The collage of Clete and the boys are typical basic training photos. They show confidence and determination. They didn’t have their whole life planned out at the moment. They didn’t need to. All they had to do was the next, right thing. And the next. And the next.

It’s not always easy to do the next, right thing. That’s called courage.

Most have moderate political voices. It can be a little overwhelming to simply hang on to that voice when louder voices attempt to silence it.  But take on cancel culture anyway, and don’t give up on finding reasonable, common-sense solutions to needs. Do it today and the next. And the next.

Have courage. Vote for others who have courage.

Lastly, remember that we’re on the same team.

I put three kids through school who were all active in high school sports. We didn’t always win. On nights when we were getting clobbered, though, I would look at the opposing team and think about how at least some of these kids would likely go on to join the military. Then, they would be on my team. Team USA.

The world seems to spin out of control when the United States doesn’t show leadership or display economic and military strength. Our team needs to win.

Always.

Vote for the candidate who will put our country first.  

This election, Clete and the boys don’t expect us to don uniforms in order to love and defend our nation. But let us think for ourselves, be courageous with our beliefs, and put our country first.

And vote for people like that too.

Early retirees, with advanced degrees, can assist in education

Three sets of statistics are converging to form either a perfect storm or a perfect solution. The outcome is up to us.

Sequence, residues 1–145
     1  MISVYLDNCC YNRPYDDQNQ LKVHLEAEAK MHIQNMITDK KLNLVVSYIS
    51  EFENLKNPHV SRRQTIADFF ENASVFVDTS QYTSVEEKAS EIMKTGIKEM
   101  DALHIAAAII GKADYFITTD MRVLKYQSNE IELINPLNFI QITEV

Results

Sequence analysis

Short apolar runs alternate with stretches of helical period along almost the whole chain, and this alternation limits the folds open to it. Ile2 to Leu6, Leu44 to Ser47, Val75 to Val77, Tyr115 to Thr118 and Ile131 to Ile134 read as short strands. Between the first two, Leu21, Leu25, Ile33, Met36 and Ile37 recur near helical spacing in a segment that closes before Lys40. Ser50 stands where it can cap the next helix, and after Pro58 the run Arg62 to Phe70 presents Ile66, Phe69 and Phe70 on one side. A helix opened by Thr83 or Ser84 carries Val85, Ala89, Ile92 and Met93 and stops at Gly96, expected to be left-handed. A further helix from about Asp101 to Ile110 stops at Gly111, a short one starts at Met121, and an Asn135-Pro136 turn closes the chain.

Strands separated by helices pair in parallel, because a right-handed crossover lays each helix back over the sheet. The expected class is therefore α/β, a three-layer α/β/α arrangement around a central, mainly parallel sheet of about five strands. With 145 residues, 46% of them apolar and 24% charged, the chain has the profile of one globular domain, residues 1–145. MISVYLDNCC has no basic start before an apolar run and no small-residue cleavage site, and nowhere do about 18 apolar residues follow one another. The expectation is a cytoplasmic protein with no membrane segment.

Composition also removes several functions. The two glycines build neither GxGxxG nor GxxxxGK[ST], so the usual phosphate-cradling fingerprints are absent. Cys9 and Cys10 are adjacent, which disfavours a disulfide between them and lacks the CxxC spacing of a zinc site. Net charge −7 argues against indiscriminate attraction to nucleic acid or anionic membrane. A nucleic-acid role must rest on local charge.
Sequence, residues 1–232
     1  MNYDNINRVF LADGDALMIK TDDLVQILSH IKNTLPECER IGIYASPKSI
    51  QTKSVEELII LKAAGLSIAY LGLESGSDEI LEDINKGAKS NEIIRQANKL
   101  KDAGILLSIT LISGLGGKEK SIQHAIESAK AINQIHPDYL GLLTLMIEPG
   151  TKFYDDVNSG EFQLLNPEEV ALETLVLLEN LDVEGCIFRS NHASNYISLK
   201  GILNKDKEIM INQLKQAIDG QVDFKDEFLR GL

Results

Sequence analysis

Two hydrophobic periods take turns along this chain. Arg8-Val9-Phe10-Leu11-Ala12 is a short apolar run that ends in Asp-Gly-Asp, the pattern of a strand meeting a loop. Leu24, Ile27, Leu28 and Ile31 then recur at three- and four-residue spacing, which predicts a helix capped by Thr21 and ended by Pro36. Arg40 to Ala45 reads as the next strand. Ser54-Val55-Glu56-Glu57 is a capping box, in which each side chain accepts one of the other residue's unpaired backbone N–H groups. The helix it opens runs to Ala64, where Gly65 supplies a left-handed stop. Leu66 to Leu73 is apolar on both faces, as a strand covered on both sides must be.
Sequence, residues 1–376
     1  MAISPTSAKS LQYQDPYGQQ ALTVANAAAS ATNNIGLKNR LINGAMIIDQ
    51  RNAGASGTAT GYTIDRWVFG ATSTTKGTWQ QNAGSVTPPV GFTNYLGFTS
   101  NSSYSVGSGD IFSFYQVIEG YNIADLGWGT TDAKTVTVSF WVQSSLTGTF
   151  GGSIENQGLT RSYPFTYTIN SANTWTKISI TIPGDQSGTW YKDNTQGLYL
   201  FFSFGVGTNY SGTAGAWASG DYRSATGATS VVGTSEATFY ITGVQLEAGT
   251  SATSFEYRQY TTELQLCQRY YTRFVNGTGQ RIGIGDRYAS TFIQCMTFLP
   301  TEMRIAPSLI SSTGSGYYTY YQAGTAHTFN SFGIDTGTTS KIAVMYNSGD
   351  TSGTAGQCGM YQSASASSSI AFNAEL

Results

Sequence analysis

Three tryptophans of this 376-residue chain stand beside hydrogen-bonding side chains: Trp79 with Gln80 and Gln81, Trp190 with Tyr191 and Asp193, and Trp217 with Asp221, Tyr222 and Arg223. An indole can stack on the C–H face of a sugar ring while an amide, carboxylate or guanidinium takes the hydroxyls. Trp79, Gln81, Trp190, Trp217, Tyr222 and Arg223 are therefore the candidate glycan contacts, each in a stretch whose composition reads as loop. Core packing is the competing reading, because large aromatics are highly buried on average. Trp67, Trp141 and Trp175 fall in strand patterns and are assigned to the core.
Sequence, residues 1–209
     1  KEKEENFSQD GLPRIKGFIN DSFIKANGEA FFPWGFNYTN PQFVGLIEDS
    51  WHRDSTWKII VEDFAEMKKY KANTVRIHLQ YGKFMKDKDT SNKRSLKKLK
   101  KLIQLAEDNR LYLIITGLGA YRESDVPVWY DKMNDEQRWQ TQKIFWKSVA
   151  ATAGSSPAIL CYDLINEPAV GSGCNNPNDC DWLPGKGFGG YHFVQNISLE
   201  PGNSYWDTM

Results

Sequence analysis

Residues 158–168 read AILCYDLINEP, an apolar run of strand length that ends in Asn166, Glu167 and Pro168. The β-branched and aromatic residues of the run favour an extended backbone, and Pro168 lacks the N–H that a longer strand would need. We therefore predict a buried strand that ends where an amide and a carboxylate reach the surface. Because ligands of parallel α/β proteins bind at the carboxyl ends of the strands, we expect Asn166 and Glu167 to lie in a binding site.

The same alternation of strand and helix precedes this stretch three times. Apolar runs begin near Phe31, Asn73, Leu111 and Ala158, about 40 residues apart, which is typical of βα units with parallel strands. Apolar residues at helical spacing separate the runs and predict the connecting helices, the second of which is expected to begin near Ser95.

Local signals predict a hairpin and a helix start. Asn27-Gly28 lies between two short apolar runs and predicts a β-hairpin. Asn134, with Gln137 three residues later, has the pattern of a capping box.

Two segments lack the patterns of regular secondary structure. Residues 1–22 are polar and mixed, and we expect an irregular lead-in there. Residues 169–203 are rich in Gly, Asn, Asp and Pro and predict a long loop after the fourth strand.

And the stakes could not be higher. It’s about the education of our youth and offering them the same opportunity that every generation before them had—a chance to improve their standard of living through a quality education.   

The issues in play are: student learning loss from the pandemic, underpaid teachers, and rising early retirements in the general population from individuals with advanced degrees.

According to the Government Accountability Office (GAO), about half of teachers had more students start the 2020-21 school year behind compared to a typical school year. Nearly two-thirds of teachers had more students make less academic progress. And 45% of teachers reported that at least half of their students ended the year behind grade level.

COVID was deadly for many, especially the elderly. But our youth suffered, too, through a disruption in learning.

It hasn’t been easy on teachers, either.

The GAO reports there were fewer public school teachers in 2021 than in 2019, and many teachers are considering leaving their job earlier than anticipated. It draws upon a National Education Association survey that puts that number as high as 55%.